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Posted on Mon, Dec 6, 2010 : 5:30 a.m.

U-M's Hatcher Library showcasing ancient papyrus

By John Carlos Cantu


"Epistles of St. Paul" (late second/early third century)

“From Trace to Text: Highlights from the University of Michigan Papyrus Collection” in the U-M Harlan Hatcher Graduate Library Audubon Room is one of those rare events where the title meticulously describes its intent: “From Trace to Text” constitutes half of the exhibit, and “Highlights from the U-M Papyrus Collection” covers the other half.

“From Trace to Text” is fascinating for the glimpse it provides us of the art and science of papyrology —as a gallery card tells us, “the field of scholarship that deciphers and studies ancient texts written on papyrus, the primary writing material of antiquity.”

Examples of this effort include a display case showing us what the ancient parchment looks like when it’s collected, before it’s examined and evaluated. A shoebox-sized container on hand filled with scraps of this aged paper-like material is anything but impressive. From an initial look, it would seem making any sense of this crumply stuff would require a superhuman effort.

All the more impressive, therefore, that the display shows us rolls of these papers and the task it takes to unravel, then decipher them. From conservation efforts (cleaning and straightening) to the technology it takes to “read” them (including infrared photography and X-ray CT scanning), the papyrologist must take the most delicate care to not destroy these fragile ancient scraps.

And the reading requires a probable facility in any number of languages (in various scripts) such as Egyptian, Aramaic, Ancient Greek, Latin, and Arabic. Assuming, of course, the fragment has enough information to make some semblance of meaning.

It’s therefore understandable that papyrologists have the academic standing they hold. Each step is fraught with the danger of losing the vaguely written record while trying to decipher it for posterity. Such a task takes a gambler’s nerve coupled with the dedication of infinitely patient scholarship.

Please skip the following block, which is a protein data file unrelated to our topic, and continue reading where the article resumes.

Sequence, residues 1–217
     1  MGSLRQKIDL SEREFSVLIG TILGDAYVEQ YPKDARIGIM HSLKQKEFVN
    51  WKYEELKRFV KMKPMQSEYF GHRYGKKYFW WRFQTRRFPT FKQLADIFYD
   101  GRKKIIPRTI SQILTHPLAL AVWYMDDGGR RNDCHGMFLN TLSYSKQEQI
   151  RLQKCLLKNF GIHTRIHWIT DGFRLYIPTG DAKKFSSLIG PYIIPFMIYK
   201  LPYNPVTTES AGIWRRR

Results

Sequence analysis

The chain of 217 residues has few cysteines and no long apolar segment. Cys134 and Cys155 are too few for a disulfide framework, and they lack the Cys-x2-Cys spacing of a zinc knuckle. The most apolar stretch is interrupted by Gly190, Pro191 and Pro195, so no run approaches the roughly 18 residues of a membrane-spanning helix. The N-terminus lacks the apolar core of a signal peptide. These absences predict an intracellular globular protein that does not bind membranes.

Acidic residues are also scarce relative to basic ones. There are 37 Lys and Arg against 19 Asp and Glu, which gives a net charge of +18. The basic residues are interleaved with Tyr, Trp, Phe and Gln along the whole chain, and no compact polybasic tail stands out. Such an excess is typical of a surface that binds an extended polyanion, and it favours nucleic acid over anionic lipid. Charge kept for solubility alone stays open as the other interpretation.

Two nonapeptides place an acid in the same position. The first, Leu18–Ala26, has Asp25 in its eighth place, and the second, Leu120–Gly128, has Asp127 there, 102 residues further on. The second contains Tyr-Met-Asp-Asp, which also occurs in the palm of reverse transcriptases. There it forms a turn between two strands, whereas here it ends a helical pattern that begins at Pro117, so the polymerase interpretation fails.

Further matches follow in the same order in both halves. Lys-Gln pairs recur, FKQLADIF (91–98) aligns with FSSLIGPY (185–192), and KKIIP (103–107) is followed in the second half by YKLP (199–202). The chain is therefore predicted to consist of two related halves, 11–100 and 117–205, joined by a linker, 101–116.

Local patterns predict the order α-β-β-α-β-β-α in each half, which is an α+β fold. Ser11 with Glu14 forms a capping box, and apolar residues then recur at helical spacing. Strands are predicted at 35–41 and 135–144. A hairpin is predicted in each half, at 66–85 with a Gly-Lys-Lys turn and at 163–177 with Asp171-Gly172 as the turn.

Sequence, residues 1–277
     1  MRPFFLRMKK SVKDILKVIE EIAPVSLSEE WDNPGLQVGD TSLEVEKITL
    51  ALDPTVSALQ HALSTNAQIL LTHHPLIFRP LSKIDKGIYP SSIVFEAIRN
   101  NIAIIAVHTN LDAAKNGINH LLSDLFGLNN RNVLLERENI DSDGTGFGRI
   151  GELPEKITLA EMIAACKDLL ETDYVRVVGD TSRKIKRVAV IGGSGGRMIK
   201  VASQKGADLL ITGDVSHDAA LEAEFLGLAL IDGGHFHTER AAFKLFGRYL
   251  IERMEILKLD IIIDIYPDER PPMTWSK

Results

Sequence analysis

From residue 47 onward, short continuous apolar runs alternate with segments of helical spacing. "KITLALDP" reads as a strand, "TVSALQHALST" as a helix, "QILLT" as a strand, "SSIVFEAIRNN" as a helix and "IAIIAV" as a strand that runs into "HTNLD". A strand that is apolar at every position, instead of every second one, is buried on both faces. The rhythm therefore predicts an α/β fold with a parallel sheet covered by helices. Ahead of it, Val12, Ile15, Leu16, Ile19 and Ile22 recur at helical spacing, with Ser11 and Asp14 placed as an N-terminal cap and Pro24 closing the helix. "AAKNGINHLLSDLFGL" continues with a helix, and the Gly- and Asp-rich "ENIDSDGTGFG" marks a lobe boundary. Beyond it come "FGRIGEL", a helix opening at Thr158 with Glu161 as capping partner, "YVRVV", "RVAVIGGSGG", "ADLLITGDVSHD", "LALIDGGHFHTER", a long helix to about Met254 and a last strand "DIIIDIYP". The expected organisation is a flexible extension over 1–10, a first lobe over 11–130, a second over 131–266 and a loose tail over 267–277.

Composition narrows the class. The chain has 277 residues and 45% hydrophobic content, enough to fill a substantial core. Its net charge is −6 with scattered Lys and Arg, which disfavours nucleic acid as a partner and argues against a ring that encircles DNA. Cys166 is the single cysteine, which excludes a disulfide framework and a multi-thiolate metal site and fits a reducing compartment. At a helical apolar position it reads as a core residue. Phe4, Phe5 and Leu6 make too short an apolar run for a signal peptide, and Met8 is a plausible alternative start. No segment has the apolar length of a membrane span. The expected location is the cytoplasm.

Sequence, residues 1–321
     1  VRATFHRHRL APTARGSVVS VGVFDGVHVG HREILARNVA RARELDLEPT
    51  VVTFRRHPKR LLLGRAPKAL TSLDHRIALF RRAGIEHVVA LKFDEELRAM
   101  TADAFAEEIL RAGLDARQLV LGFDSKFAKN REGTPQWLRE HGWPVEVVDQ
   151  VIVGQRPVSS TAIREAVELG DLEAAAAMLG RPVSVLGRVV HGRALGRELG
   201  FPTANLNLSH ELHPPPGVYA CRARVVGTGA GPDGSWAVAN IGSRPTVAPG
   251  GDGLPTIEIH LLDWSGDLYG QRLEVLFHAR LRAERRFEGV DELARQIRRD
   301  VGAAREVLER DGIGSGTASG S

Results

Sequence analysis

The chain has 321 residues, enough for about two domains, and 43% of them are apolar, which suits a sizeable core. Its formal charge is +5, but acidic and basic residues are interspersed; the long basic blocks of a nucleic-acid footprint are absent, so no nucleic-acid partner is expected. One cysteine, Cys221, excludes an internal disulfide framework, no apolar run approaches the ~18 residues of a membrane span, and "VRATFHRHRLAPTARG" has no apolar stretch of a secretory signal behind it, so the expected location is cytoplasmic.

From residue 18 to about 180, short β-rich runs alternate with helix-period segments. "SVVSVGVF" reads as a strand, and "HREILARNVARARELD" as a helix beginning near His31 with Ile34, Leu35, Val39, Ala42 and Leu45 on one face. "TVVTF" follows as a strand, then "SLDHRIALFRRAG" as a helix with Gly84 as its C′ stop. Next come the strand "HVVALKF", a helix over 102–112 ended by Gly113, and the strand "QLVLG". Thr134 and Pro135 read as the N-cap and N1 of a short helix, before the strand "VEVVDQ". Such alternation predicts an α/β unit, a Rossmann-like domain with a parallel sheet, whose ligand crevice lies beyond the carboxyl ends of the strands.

This exhibit richly represents the U-M’s famed papyrology collection. It's dedicated to the late Traianos Gagos, a U-M professor of papyrology and Greek. He was instrumental in fostering the team that created the Advanced Papyrological Information System online database, which combines descriptions and images of papyrus fragments from around the world.


"Sketch of an Elephant with Two Figures" (fifth/sixth century)

These papyrology works, in the second half of the display, include two of only a dozen surviving pages from the earliest known manuscript of the Epistles of St. Paul (late second/early third century). As the gallery’s tag tells us, the “unusual characteristic” of one of the pages “is the placement of Hebrews (1:7) directly after Romans (16:23) in an order different from modern editions of the New Testament.”

Other notable fragments include two wax tablets declaring the “Birth Certificate of Herennia Gemella” from Alexandria, Egypt dated August 12, 128 (written in Latin with one line in Greek); being a status symbol of that time because of its proof of Roman citizenship. Another exciting find is Euclid’s “Elements 1, Definitions 1-10” written in Greek in the 3rd century. And four small strips of papyrus on a bracelet represent a mysterious side to the collection, since the currently undeciphered strips were rolled around on a string and possibly worn as a charm around the bearer’s arm.

Granted each document on display is remarkable. But if a single work is bound to catch the viewer’s attention, it’s likely a fifth/sixth century “Sketch of an Elephant with Two Figures” papyrus whose meaning is still uncertain. It’s been determined that the drawing is on the back of an invitation “ although it is unclear if the sketch is related to the content of the letter or simply a doodle created during a moment of leisure.”

Whether doodle or direction; this fascinating little scrap of paper now occupies an honored place in the sphere of academia. It would have been inconceivable to the original owner that his off-the-cuff sketches would one day be privileged in this way. But, as Gagos was obviously keenly aware a millennium and a half later, such is the vicissitude of papyrus — as an art and a science.

“From Trace to Text: Highlights from the University of Michigan Papyrus Collection” will continue through December 22 at the University of Michigan Harlan Hatcher Graduate Library Audubon Room, 920 N. University St. Exhibit hours are 8:30 a.m.-7 p.m. Monday-Friday; 10 a.m.-6 p.m. Saturday; and 1-7 p.m. Sunday. For information, call 734-764-0400.